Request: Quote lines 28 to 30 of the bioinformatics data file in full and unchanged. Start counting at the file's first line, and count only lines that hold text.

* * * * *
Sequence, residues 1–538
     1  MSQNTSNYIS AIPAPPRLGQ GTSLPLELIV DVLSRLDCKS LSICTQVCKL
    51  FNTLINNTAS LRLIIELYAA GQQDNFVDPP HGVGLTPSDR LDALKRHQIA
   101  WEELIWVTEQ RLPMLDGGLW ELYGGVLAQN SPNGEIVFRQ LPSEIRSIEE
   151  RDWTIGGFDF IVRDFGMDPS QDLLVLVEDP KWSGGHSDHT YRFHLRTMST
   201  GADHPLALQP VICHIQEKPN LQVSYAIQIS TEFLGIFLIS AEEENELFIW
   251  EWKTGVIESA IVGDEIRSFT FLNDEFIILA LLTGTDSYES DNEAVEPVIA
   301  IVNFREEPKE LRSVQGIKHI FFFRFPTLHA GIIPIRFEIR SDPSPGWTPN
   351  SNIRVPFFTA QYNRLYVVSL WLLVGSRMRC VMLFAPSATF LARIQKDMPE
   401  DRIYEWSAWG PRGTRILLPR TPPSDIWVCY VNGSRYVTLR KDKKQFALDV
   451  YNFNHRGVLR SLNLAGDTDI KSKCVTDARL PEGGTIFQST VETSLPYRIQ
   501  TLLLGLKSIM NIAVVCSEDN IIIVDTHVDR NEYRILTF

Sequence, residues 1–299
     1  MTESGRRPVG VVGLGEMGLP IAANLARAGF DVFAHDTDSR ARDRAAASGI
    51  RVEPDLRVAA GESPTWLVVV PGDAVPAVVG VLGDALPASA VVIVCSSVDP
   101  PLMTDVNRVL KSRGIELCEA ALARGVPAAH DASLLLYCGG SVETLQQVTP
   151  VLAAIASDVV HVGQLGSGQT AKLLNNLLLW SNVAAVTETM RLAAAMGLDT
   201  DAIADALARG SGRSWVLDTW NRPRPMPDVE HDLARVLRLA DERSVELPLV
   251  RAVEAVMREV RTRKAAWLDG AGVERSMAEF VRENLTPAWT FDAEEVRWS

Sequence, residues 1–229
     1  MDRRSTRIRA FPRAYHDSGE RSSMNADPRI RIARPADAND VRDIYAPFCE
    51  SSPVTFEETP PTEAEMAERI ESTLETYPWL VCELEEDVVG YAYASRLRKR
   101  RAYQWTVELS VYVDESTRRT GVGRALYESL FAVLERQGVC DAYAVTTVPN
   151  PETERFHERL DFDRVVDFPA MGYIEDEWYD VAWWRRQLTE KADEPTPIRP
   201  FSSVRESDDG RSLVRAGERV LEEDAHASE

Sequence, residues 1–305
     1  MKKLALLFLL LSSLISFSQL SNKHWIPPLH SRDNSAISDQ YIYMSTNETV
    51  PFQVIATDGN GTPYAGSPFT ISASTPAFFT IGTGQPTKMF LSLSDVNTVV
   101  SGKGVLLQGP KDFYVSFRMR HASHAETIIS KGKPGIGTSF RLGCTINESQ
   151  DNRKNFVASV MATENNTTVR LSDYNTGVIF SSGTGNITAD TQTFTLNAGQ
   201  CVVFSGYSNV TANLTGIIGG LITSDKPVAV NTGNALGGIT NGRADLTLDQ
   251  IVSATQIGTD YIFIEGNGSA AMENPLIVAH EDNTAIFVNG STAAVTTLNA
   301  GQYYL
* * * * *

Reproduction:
    51  PFQVIATDGN GTPYAGSPFT ISASTPAFFT IGTGQPTKMF LSLSDVNTVV
   101  SGKGVLLQGP KDFYVSFRMR HASHAETIIS KGKPGIGTSF RLGCTINESQ
   151  DNRKNFVASV MATENNTTVR LSDYNTGVIF SSGTGNITAD TQTFTLNAGQ